“A statue of Pushkin watching over the Pepsi signs”
But that was nothing compared to 1990’s three billion dollar deal. (A figure based on Pepsi’s estimate of how much sales of cola in the Soviet Union and vodka in America would net them over the next decade.) It was the largest deal ever brokered between an American company and the Soviet Union, and Pepsi hoped it would spur more expansion. Pepsi even launched another American institution in the country: Pizza Hut. The future looked bright. Instead, the Soviet Union fell in 1991, taking with it Pepsi’s deal of the century. Suddenly, their long balancing act turned into a scramble to protect its assets in a free-for-all made more complex by redrawn borders, inflation, and privatization. The LA Times described how the new Pizza Huts were hobbled—their mozzarella was sourced from Lithuania. The company had hoped to pivot from heavy glass bottles to cheaper plastic, but the plastic company was located in Belarus. Similarly, Pepsi’s partially-built ships were stranded in newly-independent Ukraine, which wanted a cut of the sales. Kendall, who had since retired, lamented that the Soviet Union had essentially gone out of business.
Over several months, Pepsi pieced parts of the deal back together. But instead of dealing with a single state, they had to broker with 15 countries. Worse, Coca-Cola aggressively entered the former Soviet Union, and Pepsi struggled to keep its advantage. Among other marketing strategies, it launched a giant, replica Pepsi can up to the Mir space station for a commercial, and erected two iconic billboards over bustling Pushkin Square in Moscow. Russia is still Pepsi’s second biggest market outside of the United States. But their pioneering luster has faded. It didn’t help that Pepsi had been around for so long that other sodas seemed novel by comparison. After only a few years, Coke beat out Pepsi as Russia’s most popular cola. And in 2013, even the billboards over Pushkin Square came down. Maybe Pepsi should have held on to that destroyer.”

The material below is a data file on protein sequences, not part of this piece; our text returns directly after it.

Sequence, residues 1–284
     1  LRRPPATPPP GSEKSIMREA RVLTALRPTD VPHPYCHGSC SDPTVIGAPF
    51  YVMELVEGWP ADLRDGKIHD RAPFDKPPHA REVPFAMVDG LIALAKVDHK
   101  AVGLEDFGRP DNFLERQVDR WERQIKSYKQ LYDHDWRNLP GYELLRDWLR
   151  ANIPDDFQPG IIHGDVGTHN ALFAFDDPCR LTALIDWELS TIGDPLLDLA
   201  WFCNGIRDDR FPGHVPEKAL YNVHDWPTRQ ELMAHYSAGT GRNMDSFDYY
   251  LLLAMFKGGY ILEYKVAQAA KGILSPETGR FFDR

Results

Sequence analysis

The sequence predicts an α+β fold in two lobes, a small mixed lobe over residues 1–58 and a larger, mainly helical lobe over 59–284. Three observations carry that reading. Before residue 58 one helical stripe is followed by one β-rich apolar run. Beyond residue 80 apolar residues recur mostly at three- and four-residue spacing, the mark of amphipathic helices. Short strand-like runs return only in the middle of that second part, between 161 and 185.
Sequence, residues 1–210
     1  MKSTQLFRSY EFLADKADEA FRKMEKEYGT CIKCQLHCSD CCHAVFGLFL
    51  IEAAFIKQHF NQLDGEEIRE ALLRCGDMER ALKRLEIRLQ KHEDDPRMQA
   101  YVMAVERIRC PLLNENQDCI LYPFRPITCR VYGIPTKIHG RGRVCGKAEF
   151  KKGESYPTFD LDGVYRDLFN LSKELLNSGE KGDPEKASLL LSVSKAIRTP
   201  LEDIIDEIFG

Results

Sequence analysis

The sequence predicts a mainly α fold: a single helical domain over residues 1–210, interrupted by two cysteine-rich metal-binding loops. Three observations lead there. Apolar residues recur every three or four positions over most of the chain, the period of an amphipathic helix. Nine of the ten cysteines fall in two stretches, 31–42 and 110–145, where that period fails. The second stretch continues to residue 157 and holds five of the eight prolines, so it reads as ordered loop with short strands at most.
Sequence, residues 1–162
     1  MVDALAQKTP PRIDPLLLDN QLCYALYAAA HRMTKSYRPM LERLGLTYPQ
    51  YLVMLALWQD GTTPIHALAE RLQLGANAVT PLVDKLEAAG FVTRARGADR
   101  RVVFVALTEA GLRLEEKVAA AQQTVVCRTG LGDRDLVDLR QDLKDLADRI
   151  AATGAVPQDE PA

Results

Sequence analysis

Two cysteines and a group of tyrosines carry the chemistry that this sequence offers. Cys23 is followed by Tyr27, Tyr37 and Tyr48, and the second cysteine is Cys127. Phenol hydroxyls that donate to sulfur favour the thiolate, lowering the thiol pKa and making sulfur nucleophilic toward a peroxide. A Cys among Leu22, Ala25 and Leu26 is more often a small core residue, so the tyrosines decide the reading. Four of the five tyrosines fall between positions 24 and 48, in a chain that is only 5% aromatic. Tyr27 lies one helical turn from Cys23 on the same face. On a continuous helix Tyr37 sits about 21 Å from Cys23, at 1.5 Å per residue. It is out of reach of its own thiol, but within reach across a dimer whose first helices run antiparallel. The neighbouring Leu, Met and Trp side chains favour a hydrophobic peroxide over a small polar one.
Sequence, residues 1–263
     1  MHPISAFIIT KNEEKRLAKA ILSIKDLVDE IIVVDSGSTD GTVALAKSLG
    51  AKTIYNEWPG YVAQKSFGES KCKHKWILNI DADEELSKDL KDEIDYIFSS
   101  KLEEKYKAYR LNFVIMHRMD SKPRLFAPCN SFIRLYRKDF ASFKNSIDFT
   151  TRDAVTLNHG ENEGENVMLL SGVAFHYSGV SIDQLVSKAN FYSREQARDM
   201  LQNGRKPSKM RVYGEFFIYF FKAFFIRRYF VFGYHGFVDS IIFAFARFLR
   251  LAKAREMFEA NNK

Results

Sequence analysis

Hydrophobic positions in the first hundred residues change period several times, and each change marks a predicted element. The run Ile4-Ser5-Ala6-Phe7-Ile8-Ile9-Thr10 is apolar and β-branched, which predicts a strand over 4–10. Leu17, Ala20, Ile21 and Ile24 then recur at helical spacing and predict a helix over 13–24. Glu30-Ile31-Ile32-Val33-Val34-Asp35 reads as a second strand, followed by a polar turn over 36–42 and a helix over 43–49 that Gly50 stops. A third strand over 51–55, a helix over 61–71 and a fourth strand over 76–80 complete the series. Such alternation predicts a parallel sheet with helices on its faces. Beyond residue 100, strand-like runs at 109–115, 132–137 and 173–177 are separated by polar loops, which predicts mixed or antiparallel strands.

SOFT (DRINK) POWER
How did Pepsi become the first American brand to take root in the Soviet Union?
by Ksenia Zubacheva / Feb 12 2018
“We had a very beautiful uniform, like that of doctors: white robes, hats, clothes made personally for each worker. We were all proud of our work, and it was very prestigious to work here,” recalled Valentina Merezhko, a resident of the southern city of Novorossiysk (link in Russian). She was one of the lucky ones who worked in the USSR’s first Pepsi plant, which opened its doors in 1974, making up to 160,000 bottles of Pepsi per shift.
The head of the company at that time, Donald M. Kendall, named it “the best and most modern PepsiCo plant in the world.” He must have been surprised that the plant was completed in just 11 months – something never achieved before with any other Pepsi plant. Kendall had been dreaming of it for years, but it was in the summer of 1959 that good fortune came his way at the U.S. National Exhibition in Moscow’s Sokolniki Park. At that time, he was in charge of Pepsi’s international operations, and asked Richard Nixon, then U.S. Vice President, to help him “get a Pepsi in [Nikita] Khrushchev’s hand.”
Nixon agreed, and the rest is history. The company was eager to enter the Russian market, especially since Pepsi’s key competitor, Coca-Cola, was not active there. In between talks with the Soviet leader on their countries’ rivalry in the production of consumer goods, Nixon fulfilled his promise to Kendall and the above picture was taken. This was the best advertisement that a company could possibly want in the Soviet Union at that time!
Nixon actually tricked Khrushchev, asking to taste two types of Pepsi: one made in the U.S., and one made in Moscow (our guess is that the Americans brought concentrate to Moscow and added local water). Of course, the Soviet leader preferred the latter and then promoted it to everyone at the exhibition. The press went crazy and published photos of Khrushchev holding a Pepsi with the caption, “Khrushchev wants to be sociable,” which was a reference to Pepsi’s slogan in the U.S. at that time: “Be sociable, have a Pepsi.”